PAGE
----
In this post I'll talk about VB's explicit interface implementation and how to best exploit the power this brings. I guess that it's a well known fact that interface implementation in VB is explicit but what does that mean really? It simply means that to implement an interface in a class the developer has to explicitly declare what members of the class implements the members of the interface. C# also has the ability to explicitly implement interfaces but it supports implicit interface implementation too which lets you implement an interface by declaring members with the same names and signatures as those of the interface. To implement the IDisposable interface implicitly we'd write the following:
The developer never tells the compiler that the method named "Dispose" implements the method "Dispose" of the IDisposable interface, the compiler figures this out by comparing the name and the signature of the method. To explicitly implement an interface in C# we'd write the following instead:
In this implementation we explicitly say that the "Dispose" method implements the "Dispose" method of the interface IDisposable, note that there is no scope declared for this method, this is because it's only accessible through the interface. If you held an instance of the class "Foo" you would not be able to invoke the Dispose method without casting the instance to IDisposable.
As seen here this means that a method that implements an interface method must have the same name as the interface method and be public OR have no name at all and be private (explicit implementation). In VB on the other hand where implementation is always explicit we have a lot more freedom regarding naming and scope. For example a method implementing an interface method can have any scope (Private, Protected, Friend or Public) and also any name. Oh, well, any valid name that is.
Now we have a public method called something completely different than "Dispose" but still implementing the "Dispose" method, if you were to cast an instance of the Foo class to the IDisposable interface and call the "Dispose" method on it the method "ThisMethodIsNotNamedDispose" would be invoked. As I said earlier an implementing method can have any scope, the method "ThisMethodIsNotNamedDispose" could just as well have been made private for example and we would end up with a situation very similar to the C# way of explicitly implementing interfaces. One very big difference though is that from within the class Foo you'd be able to call the method "ThisMethodIsNotNamedDispose" even though it's private, in C# however you can never call an explicit member implementation without casting to the interface, not even from within the implementing class itself.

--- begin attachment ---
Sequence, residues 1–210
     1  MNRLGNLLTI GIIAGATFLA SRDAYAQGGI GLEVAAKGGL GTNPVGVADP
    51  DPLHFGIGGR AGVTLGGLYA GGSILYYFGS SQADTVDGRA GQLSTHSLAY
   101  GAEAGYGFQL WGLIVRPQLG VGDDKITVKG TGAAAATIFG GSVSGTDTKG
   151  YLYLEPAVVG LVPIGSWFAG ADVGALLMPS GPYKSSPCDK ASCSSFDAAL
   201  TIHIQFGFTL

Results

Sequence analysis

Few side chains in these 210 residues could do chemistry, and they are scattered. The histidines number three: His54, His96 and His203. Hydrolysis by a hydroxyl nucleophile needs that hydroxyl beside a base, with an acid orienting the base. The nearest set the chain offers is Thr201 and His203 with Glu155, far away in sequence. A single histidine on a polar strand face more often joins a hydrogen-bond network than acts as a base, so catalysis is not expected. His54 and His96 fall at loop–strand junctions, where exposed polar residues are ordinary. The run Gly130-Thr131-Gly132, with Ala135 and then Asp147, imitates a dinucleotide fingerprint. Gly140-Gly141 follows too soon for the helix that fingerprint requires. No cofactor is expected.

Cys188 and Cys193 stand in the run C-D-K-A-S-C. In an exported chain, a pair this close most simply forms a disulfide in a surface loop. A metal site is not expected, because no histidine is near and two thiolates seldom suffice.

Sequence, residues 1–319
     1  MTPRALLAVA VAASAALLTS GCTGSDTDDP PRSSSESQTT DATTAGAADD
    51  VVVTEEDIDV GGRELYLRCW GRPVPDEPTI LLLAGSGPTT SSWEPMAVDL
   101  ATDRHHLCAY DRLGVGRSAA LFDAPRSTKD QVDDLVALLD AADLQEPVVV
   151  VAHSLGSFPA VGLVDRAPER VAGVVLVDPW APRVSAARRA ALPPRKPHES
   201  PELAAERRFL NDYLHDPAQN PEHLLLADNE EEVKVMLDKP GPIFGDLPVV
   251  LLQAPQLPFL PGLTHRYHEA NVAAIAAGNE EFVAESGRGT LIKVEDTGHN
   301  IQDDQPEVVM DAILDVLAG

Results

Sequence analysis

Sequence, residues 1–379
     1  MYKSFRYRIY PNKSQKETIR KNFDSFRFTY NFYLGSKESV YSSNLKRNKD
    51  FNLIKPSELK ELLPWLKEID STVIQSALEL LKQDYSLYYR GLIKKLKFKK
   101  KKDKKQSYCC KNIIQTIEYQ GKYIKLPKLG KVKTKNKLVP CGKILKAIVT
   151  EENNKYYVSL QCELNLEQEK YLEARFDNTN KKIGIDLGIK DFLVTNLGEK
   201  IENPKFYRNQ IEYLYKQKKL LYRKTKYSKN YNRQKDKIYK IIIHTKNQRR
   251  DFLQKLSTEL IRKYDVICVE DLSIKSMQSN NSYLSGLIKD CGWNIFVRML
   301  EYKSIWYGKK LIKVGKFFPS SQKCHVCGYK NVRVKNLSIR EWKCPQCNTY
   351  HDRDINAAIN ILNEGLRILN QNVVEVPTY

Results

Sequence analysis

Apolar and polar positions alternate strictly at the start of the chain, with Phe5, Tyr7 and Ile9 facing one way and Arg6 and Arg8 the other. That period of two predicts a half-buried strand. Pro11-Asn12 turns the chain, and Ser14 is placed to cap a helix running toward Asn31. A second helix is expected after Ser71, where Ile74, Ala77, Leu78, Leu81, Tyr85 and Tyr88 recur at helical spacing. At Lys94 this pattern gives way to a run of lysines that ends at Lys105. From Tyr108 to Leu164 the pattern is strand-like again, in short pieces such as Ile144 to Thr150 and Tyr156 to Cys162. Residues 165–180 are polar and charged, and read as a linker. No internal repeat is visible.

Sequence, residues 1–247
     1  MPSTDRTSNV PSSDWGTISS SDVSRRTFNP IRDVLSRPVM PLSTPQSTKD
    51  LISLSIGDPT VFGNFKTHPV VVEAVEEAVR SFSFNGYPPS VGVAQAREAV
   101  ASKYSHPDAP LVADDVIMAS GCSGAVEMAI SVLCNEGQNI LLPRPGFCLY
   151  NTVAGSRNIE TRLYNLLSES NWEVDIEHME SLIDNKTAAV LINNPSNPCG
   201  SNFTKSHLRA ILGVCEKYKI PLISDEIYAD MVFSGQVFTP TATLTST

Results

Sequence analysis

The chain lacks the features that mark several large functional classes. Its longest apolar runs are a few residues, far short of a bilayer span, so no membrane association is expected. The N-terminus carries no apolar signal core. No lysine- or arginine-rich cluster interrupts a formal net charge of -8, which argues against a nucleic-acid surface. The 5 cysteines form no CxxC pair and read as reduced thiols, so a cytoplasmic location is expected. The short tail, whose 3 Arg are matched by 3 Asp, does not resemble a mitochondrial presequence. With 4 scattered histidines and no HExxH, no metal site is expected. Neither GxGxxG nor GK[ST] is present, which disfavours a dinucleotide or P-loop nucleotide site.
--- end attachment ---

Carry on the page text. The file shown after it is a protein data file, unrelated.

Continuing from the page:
Another cool thing about VB's explicit interface implementation is that a single method or property can implement methods or properties from multiple interfaces at the same time.
Interface implementation is one of the very few areas where I think VB outshines C# (XML-literals being the other area).
I think that hiding the methods of the interface in the public interface of the class (by explicitly implement the interface in C# and setting a non public scope in VB) is something that should be sparsely used. I use it only when a method makes no sense when the concrete type is known. For example if you create a LinkedList that implements the ICollection(T) interface there is really no need to ever call the "IsReadOnly" property when you know that you're holding a LinkedList that is never read only, this interface property should be hidden from the public interface of the class.
I've used the IDisposable interface as an example here but I would strongly advice against ever hiding the "Dispose" method of this interface in production code.